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Letter From London: Mark Atkin Crosses Over

As SBS Australia's Commissioning Editor for TV and online for a decade Mark Atkin played a key role in a number of acclaimed films, including Taxi to the Dark Side and Waltz with Bashir. Upon leaving SBS in November, Atkin wasted no time getting involved with new projects. Within a week he was in the Sheffield Doc/Fest MeetMarket, having meetings every twenty minutes - this time as a producer and exec producer for three international documentaries.
December 15, 2008

As SBS Australia’s Commissioning Editor for TV and online for a decade Mark Atkin played a key role in a number of acclaimed films, including Taxi to the Dark Side and Waltz with Bashir. Upon leaving SBS in November, Atkin wasted no time getting involved with new projects. Within a week he was in the Sheffield Doc/Fest MeetMarket, having meetings every twenty minutes – this time as a producer and exec producer for three international documentaries.

He says that the change in position has forced him to ‘turn the kaleidescope around’ and narrow his focus: ‘The biggest difference is I used to be incredibly profligate. My attention was spread out over a hundred thousand things in a day. Now it’s focused on these three projects. It’s kind of wonderful because you get to just work on stuff that you find absolutely creatively compelling.’

His projects include a personal film, where Atkin aims to try to unearth a treasure his grandfather buried in Lodz at the outbreak of World War II. The other two films are lighter fare: The Secret History of the Eurovision Song Contest, about the search for a collective European identity and how it has been expressed through the Eurovision song contest, and Breaking China: The Making of a Western Mandopop Girl Band, which will aim to take a group of Western girls who are fluent in Mandarin, and launch them in China.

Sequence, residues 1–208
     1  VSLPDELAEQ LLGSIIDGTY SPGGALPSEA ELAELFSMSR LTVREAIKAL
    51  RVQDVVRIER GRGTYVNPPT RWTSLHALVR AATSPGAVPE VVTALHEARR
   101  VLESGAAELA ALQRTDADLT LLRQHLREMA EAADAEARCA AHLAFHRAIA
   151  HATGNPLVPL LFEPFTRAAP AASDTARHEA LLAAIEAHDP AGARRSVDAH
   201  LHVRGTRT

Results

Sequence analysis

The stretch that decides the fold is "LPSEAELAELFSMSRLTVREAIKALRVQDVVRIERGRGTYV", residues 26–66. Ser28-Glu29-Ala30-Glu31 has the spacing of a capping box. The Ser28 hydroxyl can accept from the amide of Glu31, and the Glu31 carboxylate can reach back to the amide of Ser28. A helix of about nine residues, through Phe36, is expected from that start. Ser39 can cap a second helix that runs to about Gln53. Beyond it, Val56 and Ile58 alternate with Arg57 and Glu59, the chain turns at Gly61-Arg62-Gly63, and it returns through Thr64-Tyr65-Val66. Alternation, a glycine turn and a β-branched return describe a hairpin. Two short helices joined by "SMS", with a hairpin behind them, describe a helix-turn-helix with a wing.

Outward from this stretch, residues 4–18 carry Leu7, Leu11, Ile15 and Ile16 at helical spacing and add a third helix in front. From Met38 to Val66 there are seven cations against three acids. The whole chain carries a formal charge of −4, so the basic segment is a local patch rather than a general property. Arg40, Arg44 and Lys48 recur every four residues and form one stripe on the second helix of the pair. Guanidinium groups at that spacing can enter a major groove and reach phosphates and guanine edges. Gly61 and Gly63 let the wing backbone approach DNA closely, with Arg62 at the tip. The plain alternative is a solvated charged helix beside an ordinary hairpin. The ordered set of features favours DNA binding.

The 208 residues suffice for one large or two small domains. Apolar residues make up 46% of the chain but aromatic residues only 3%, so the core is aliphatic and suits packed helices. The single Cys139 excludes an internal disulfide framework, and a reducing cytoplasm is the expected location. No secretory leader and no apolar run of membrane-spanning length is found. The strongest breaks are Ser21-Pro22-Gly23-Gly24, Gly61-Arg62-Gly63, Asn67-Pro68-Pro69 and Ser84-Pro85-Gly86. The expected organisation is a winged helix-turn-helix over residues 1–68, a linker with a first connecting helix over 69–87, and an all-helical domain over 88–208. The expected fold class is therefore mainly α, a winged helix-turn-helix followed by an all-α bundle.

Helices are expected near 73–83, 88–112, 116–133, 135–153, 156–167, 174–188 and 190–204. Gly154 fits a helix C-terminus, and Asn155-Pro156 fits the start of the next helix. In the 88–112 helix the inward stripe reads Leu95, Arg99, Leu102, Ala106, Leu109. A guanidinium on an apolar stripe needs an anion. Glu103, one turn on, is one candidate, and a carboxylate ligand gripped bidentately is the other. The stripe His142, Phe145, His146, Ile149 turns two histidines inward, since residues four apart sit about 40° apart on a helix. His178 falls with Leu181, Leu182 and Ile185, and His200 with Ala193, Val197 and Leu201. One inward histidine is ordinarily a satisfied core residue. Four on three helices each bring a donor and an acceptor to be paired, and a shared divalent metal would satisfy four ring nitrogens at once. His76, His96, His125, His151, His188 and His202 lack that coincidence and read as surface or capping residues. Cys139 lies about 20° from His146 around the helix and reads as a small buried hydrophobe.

He’s also joined forces with Doc/Fest director Heather Croall and Frank Boyd of Unexpected Media to create a company, Crossover Labs, which specializes in offering workshops to bring creative professionals from different disciplines together to collaborate on cross-platform projects.

While it is still early days, he is thus far happy with his move away from the commissioner’s chair: ‘It’s funny – when you go to a market as a commissioning editor, you go with an empty bag and come back with a full one. When you go there as a producer you go with a full bag and try to empty it. The thing I’ll miss most is sitting around with my colleagues having dinner chatting about the industry. But at least I don’t have to worry that somebody is going to follow me down to the toilet and start pitching to me – I’ve lost that haunted look.’

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